Justin Vernon’s latest opus begs to be deciphered – we dig deep into the meaning behind the lyrics, the samples, and those weird numbers
The tracklisting to 22, A Million looks a bit like a note the Zodiac Killer might have left. On first listen, the album itself feels similarly impenetrable – the words are there, they’re just obscured by layers of AutoTune, samples, and drum machines. Even when you hear them clearly, there are a thousand possible meanings. Or perhaps none at all.
But while Bon Iver’s new album may be designed to obfuscate, there’s an intimacy there too. From the beautiful opener “22 (OVER S∞∞N)” to closing track “00000 Million”, he beckons you in and holds you at arm’s length all at once.
When Bon Iver perform the album live in the courtyard of Berlin’s Michelberger hotel, the quiet moments are interrupted by a rustling sound. The hotel’s decorative white spheres, complete with paper tassels, are catching the wind. Luckily, it just adds to the atmosphere Vernon and his band have so exquisitely crafted. “The wind is like, part of it,” he tells the crowd, though the AutoTune on his mic is still on, so his words come out like a melody. As the band members switch, sometimes mid-song, between saxophone, percussion, and synths, it becomes clear just how many elements have been poured into each track. The album is saturated with sounds, having long since evolved from the acoustic minimalism of For Emma, Forever Ago.
Given that there very nearly wasn’t an album all (more of that later), 22, A Million feels at times like the result of a creative brainstorm, as the words and melody tumble out seemingly unfiltered. Other times, such as in the a cappella “715 - CR∑∑KS”, it’s restrained and contemplative.
There’s a lot to dissect within the album’s ten songs, so we’ve broken it down into a few key themes.
The album’s lyrics are streams of consciousness; skittish fragments of thoughts and memories, convulsing into each other. “Sent your sister home in a cab / Said I woulda walked across any thousand lands / no / not really if you can’t,” Justin Vernon sings in “33 ‘God’”, which briefly grapples with religion (with as much skepticism as those quotation marks suggest) before breaking off into other realms, and which never sharpens its focus onto anything tangible. There’s a palpable anger in some of the words too, though towards whom it’s never clear. At the end of “715 - CR∑∑KS”, he repeats almost the same line three times, each one becoming more bitter. “Turn around you’re my A team / Turn around now you’re my A team / God damn turn around now you’re my A team.”
Vernon’s move towards synthetic sounds is bolstered by a handful of perfectly judged samples. They never take over the song, nor are they used as a lazy alternative to coming up with a melody (i.e. Flo Rida’s “Good Feeling”, which is barely a song if you take out Etta James’s “Something Got A Hold On Me”). Instead they just linger underneath, sometimes clear, sometimes distorted or barely noticeable. “33 ‘God’” alone has five – Sharon Van Etten’s “D Sharp G”, Paolo Nutini’s “Iron Sky”, country group The Browns’ “Morning”, Lonnie Holley’s “All Rendered Truth”, and a spoken word clip from Psalm 22. Blink and you’ll miss most of them. Irish folk songwriter Fionn Regan’s “Abacus” turns up in “00000 Million”, while echoes of gospel singer Mahalia Jackson’s “How I Got Over” add gospel vibes to “22 (OVER S∞∞N)”.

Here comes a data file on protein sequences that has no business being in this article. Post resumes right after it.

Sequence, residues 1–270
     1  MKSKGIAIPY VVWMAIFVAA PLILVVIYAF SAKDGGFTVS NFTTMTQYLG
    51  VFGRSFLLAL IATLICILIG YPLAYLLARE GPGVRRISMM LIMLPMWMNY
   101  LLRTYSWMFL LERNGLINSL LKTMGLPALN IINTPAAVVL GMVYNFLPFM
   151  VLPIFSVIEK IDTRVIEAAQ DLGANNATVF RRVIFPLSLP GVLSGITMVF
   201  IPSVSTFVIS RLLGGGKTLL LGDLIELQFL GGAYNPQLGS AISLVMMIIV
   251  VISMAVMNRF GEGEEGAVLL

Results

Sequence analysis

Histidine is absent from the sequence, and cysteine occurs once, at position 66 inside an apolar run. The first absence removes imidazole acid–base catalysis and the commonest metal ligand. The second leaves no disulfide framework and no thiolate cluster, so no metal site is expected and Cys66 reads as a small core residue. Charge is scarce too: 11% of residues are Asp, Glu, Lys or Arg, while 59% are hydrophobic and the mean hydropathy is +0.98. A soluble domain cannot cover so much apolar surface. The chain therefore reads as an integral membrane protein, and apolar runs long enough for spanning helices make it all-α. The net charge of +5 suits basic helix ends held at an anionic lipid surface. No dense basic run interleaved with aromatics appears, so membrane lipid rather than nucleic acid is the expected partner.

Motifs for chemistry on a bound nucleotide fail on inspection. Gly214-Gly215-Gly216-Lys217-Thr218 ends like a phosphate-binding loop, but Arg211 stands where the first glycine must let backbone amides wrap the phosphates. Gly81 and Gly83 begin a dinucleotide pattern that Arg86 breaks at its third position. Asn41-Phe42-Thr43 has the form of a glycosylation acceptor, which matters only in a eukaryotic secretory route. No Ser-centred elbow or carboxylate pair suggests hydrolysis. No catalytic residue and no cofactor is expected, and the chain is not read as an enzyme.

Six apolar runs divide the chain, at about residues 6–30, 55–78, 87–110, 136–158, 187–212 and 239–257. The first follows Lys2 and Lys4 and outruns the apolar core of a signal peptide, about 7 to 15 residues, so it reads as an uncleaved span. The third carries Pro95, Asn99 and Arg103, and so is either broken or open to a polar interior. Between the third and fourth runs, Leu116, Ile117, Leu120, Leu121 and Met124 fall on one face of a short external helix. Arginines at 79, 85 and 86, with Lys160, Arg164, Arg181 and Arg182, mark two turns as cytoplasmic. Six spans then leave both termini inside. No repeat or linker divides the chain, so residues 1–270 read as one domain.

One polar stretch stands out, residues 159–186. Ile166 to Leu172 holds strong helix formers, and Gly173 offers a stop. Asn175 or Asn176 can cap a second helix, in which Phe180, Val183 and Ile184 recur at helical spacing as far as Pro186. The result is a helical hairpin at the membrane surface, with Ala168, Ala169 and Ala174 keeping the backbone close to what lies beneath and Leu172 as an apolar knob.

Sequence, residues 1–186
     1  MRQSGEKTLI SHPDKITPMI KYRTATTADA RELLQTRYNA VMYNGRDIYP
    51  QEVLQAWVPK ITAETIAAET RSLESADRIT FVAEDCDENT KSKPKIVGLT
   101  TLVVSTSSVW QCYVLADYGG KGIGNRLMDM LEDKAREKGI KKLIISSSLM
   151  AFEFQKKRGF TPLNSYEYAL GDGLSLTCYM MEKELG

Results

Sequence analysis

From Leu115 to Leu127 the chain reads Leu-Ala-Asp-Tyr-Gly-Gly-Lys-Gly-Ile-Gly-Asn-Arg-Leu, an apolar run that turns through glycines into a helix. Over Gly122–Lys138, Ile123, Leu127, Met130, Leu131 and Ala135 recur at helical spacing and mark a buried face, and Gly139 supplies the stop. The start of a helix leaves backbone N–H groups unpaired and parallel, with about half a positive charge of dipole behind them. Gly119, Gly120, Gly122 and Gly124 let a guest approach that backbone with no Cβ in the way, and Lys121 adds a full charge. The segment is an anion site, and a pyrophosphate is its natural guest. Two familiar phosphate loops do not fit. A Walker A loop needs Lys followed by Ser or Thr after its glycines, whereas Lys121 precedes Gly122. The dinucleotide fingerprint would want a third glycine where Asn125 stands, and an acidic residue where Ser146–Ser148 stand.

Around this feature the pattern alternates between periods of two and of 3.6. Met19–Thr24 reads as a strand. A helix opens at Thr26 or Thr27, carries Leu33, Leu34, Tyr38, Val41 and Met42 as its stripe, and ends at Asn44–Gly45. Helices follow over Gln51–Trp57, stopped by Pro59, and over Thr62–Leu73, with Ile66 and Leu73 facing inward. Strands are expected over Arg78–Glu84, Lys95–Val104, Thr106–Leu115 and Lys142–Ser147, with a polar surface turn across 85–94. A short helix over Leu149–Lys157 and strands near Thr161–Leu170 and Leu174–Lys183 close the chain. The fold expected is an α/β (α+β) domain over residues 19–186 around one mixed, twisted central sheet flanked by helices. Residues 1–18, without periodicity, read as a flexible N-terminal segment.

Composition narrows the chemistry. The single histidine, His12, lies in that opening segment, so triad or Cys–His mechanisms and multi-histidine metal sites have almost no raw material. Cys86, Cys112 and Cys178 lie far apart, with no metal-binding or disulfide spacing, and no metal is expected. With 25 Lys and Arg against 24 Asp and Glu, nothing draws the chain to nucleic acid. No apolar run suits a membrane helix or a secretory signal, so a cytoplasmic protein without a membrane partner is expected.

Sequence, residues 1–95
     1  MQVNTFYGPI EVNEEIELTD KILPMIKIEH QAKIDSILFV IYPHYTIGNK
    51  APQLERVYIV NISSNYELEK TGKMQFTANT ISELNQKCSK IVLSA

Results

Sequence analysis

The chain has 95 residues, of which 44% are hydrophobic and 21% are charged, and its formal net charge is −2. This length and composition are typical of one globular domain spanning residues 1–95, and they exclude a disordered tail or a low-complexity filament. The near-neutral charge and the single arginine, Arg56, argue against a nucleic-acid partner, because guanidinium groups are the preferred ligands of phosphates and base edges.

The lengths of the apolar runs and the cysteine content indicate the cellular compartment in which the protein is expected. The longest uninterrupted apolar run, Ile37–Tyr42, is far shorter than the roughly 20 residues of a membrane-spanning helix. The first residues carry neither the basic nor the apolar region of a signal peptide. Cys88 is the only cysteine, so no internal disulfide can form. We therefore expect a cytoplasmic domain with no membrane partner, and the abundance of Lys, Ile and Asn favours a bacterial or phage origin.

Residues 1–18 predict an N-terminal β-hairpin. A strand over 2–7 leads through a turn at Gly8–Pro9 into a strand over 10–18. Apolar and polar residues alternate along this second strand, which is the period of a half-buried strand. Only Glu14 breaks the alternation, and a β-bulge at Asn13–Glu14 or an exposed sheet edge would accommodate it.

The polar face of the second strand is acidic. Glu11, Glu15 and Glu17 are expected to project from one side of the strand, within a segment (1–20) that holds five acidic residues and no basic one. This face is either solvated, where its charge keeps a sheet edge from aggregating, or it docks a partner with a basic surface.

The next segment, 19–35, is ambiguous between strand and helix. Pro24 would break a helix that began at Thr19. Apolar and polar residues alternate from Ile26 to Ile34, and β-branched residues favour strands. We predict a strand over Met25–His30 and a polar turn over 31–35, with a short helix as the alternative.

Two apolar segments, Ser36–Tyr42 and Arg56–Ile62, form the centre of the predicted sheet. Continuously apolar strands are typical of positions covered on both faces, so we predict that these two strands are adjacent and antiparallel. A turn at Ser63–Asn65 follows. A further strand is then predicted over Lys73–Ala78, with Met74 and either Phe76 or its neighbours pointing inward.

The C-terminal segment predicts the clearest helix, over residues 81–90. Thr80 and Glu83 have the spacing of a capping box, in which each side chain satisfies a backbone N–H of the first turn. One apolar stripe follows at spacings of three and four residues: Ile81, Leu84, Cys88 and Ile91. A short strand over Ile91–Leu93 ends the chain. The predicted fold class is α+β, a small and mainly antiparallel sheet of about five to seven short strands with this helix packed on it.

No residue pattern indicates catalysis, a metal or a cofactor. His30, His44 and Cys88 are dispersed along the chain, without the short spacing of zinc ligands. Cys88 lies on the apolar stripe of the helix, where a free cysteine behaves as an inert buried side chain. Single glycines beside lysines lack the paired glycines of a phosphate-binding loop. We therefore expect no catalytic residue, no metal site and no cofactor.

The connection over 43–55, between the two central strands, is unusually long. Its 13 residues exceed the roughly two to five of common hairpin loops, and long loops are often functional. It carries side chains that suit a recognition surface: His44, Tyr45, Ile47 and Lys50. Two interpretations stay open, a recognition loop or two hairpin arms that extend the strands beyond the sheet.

THE FIVE-YEAR WAIT
The largely unwanted fame his previous two albums afforded him almost paralysed Justin Vernon. The five years between his self-titled second album and 22, A Million were riddled with self-doubt, creative struggles and depression. “This spectacular upheaval of life after these albums provoked an inner storm,” wrote Vernon’s friend Trevor Hagen in a press release, “a mental sickness of anxiety for Justin. Of course it did. The dream had taken on its own life. It all came to a head on an empty Atlantic beach. I bore witness to my best friend crying in my arms, lost in a world of confusion and removal. Justin could barely even talk.”
In a recent interview with The Guardian, Vernon put the experience plainly. “It was not good. It was bad, bad, bad and then really bad, for a long time. I’d say I was having very bad days for about a year and a half.” The album’s opening line, “It might be over soon,” was recorded on a disastrous trip to the Greek island of Santorini, where he found himself humming the phrase to try and stave off panic attacks. The rest of the album blossomed from there, in spite of his self-doubt, and because of it too.
It was by accident, or perhaps serendipity, that 22, A Million’s numbers theme came about. After recording the line “It might be over soon”, Vernon sang some improvisation into his synthesizer: “when you chopped up part of the sample it sounded like it was ‘two, two,’ and 22 is my favorite number,” he told a group of 26 journalists recently, having opted for one mass discussion to promote the album, rather than hundreds of 15-minute interviews. “I’ve always thought that it reminded me of a duality, like a paradox. So that was kind of the beginning of that. And really it was still months until I had any other song ideas, so it was really annoying to have to listen to those 11 seconds of sampled music for that amount of time, but that’s when I figured out that the album was going to be numbers, and 22 is my thing, and it kind of grew from there.” In the album’s title, then, the 22 is Vernon, while the million represents the rest of the world. And the significance of the album’s other numbers? He’ll probably never tell us.